Top 10 Questions About Earth
An arctic lake in a national park in New Zealand.
As space shuttles zip into orbit and telescopes peer out at other worlds, Earth itself remains a mystery in many basic ways.
In an attempt to remedy that, a panel of geologists and planetary scientists announced this week the top 10 questions about our planet that linger today, which have strangely baffled humanity and researchers for hundreds of years and longer.
"We have to look to the past and ask deeper fundamental questions about the origins of the Earth and life, the structure and dynamics of planets, and the connections between life and climate, for example," said panel chairman Donald DePaolo, a University of California at Berkeley geochemist.
The panel canvassed geologists and deliberated at length to arrive at the focus on these questions:
1: How did Earth and other planets form?
Scientists are perplexed by how and why the planets formed into such distinct bodies, with only our rocky orb supporting life (as far as we know).
2: What happened during Earth's "Dark Age," or the first 500 million years after it formed?
Understanding Earth's early development would explain how the atmosphere and oceans developed. One difficulty: Few rocks from then are preserved, meaning little concrete evidence.
3: How did life begin?
In addition to rocks and minerals here, scientists are also probing Mars, where the sedimentary record of early planetary history predates the oldest Earth rocks.
4: How does Earth's interior work, and how does it affect the surface?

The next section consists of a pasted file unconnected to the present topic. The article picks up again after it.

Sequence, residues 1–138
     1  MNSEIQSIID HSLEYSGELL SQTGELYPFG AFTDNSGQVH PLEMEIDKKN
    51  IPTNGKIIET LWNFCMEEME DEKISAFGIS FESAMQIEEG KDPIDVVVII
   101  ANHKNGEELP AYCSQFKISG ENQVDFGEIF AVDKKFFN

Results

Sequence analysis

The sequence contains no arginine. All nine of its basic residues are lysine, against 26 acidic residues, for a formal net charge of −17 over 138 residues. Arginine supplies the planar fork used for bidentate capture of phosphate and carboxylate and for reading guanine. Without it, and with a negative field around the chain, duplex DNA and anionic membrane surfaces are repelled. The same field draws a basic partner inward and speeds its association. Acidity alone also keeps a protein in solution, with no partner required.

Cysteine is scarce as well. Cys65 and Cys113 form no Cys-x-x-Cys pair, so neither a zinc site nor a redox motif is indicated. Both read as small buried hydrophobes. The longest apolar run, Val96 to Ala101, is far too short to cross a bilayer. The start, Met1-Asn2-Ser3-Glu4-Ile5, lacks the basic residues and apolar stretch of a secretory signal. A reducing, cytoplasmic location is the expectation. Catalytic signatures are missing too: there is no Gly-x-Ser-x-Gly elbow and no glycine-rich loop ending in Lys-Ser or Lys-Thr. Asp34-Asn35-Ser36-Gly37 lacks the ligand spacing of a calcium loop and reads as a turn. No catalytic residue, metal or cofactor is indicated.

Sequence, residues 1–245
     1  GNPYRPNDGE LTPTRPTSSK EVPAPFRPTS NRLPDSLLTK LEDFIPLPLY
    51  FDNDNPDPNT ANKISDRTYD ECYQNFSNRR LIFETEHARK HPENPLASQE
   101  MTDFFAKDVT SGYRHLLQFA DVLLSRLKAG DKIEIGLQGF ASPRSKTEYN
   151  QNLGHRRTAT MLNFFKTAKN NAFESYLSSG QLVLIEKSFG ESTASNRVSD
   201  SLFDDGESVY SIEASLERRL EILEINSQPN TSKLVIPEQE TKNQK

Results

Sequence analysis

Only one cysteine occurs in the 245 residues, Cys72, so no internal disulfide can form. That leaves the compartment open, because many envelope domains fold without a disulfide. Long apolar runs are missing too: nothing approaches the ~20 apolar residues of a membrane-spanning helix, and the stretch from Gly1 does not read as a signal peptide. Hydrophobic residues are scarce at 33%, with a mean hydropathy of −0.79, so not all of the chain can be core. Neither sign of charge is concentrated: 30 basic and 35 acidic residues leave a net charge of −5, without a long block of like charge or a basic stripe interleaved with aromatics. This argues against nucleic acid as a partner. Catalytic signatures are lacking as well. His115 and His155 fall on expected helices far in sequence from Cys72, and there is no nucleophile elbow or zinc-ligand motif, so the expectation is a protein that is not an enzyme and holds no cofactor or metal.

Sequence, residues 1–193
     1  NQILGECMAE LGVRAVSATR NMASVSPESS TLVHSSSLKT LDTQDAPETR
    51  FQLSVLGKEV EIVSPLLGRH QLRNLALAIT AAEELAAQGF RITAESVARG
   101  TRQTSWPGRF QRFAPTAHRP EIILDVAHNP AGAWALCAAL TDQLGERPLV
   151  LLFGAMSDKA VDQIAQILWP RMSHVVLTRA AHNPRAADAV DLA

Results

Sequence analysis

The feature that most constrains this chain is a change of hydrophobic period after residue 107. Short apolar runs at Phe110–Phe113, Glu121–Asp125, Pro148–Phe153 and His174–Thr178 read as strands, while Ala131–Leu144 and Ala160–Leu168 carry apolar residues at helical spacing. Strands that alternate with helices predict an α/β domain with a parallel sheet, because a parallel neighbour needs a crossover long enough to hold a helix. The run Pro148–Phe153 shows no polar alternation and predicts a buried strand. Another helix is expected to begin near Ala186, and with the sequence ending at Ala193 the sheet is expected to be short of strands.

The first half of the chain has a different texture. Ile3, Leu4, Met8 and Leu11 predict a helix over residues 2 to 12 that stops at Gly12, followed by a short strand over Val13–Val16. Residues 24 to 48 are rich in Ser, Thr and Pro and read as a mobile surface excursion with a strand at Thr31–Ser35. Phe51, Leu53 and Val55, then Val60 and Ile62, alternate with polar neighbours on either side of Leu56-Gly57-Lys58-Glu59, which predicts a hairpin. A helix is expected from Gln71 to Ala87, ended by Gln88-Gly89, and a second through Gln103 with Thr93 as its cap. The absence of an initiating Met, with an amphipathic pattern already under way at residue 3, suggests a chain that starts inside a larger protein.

Scientists want to figure out more about the past and future of the constant convective motion of Earth's mantle and core, which triggers volcanism, mountain building and seafloor formation.
5: Why does Earth have plate tectonics and continents?
Scientists wonder why Earth has plates, constantly on the move, and how closely tectonics are related to the abundance of water, continents, oceans and life.
6: How are Earth processes controlled by material properties?
The big movers and shakers on Earth, including plate tectonics, arise from the atomic structure and other properties of Earth materials, so scientists want to know more about these properties.
7: What causes climate to change – and how much can it change?
Deeper study of the history of Earth's climate could help scientists predict the magnitude and consequences of today's climate change.
8: How has life shaped Earth – and how has Earth shaped life?
The interactions between geology and biology are key to understanding life's role in injecting oxygen into the atmosphere, mass extinctions and the course of evolution.
9: Can earthquakes, volcanic eruptions and their consequences be predicted?
Scientists still don't know how fault ruptures start and stop, and how magma moves beneath Earth's surface.
10: How do fluid flow and transport affect the human environment?
Scientists are unclear about how fluids move underground. More knowledge about this will help with management of natural resources and the environment.
The report was requested by the U.S. Department of Energy, National Science Foundation, U.S. Geological Survey, and NASA.
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